Why are ‘as built’ surveys necessary?
As built surveys are required for road adoption, land registry plans and to check that buildings and street furniture are in the right place and to the correct measurements. These surveys can be incredibly useful for anyone who has to carry out work on the scheme at any point in the future. They can show that plans have been followed carefully at every stage of the project or alternatively, they can serve to highlight any occasions where variations from the original plans and designs have had to be made.
This documentation is useful for any further development, ongoing site maintenance or if construction companies need to confirm any aspect of compliance with regulations, especially if changes have been made to the original plans. Providing a comprehensive ‘as built’ survey is vitally important as a legacy document for any building work.
An ‘as built’ survey can be useful when it comes to looking after the safety of anyone working on any future changes or expansion of a scheme, particularly where excavation of buried services is involved. This is especially true in cases where ownership of a scheme may have changed hands many times. When it comes to a potential demolition, accurate ‘as built’ surveys provide much of the information required to make sure it can be carried out safely too.
A piece of history
These surveys are a great way to track the history of a particular piece of land for record keeping. This can be invaluable in cases where, for example, local residents want to get a particular road adopted or there may be a dispute over the ownership or route of a shared driveway.
What happens without an ‘as built’ survey?
Not providing ‘as built’ surveys can present myriad problems. Without them, you may be left only with initial construction drawings, sometimes drawn by hand, which means relying on a good deal of guesswork to calculate how work has been carried out. This can lead to further exploratory measured surveys having to be carried out, with all the additional expense and time that is likely to involve.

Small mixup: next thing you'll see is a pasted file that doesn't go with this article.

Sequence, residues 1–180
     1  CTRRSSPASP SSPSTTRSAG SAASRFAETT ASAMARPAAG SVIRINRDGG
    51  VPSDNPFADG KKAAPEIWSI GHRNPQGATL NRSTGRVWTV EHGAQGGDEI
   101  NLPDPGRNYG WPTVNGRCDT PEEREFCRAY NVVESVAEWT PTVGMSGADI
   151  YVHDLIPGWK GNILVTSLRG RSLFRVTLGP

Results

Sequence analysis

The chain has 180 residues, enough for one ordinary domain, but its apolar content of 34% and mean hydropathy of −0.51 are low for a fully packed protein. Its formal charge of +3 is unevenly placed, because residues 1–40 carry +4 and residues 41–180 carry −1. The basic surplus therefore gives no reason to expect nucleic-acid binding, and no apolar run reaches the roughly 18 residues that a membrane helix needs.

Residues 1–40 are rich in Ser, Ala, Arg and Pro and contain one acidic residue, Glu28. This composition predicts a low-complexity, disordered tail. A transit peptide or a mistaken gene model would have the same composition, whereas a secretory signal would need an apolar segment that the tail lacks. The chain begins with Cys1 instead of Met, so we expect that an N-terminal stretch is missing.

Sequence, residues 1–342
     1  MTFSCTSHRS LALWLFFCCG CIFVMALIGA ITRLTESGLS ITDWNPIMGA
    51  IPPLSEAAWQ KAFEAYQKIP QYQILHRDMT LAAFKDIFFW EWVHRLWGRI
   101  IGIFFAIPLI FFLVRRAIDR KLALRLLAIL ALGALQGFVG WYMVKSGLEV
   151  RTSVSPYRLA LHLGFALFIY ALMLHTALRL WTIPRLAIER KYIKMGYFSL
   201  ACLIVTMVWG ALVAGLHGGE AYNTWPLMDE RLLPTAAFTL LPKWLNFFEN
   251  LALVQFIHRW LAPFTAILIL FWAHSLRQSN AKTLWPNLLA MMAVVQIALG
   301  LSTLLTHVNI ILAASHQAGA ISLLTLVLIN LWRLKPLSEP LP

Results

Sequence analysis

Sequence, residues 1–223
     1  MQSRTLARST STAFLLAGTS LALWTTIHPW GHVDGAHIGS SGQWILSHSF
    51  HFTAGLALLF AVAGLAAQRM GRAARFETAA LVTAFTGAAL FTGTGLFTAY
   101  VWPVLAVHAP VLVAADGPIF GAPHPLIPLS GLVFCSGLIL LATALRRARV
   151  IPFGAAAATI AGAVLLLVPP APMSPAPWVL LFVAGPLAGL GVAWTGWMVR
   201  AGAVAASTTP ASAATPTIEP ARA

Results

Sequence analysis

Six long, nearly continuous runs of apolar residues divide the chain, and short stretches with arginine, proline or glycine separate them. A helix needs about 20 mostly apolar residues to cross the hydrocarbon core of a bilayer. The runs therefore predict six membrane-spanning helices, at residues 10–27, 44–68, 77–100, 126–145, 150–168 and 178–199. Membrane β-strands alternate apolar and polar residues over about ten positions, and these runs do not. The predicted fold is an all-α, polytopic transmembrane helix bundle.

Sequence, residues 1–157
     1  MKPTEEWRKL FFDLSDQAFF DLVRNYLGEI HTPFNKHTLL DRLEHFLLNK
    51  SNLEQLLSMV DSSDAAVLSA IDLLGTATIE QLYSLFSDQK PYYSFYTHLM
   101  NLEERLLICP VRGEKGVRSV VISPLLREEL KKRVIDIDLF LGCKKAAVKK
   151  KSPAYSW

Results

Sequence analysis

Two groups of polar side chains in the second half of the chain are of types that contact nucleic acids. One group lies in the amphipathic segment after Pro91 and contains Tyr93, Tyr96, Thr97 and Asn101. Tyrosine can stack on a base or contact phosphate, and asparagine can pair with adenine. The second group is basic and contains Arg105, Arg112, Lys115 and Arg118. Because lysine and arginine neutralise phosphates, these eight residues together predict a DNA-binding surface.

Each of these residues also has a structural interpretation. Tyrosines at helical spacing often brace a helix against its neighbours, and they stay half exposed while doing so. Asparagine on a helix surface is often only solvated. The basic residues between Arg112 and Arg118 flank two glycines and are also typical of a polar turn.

A truly professional surveyor will know that an ‘as built’ survey should form part of every construction contract. Too often, these surveys are not prioritised and are neglected throughout the construction period and then put together rapidly at the end. Frequently, not enough time, and therefore money, is dedicated to their production.
Nowadays, ‘as built’ surveys are highly sophisticated and can be completed in a matter of days. State of the art surveying equipment enables qualified surveyors to record data and use it to create 2D or 3D CAD drawings. The data could include measurements of building plots, topography, site improvements, measurements of detailed construction works and positions of street furniture too. These are all put together to create a working document that can be further adapted and added to as additional work is carried out. It’s also worth considering doing these as part of a wider programme of works, or – for example, where a housing development is well underway – carrying out ‘as built’ surveys on some properties and setting out others can save time and effort at the end of the construction project.
Whatever your chosen approach, our recommendation is always to make sure that ‘as built’ surveys are written in to the construction contract so they can be part of the programme from the start, encouraging accountability, ensuring compliance and providing a really useful resource for the lifetime of the scheme.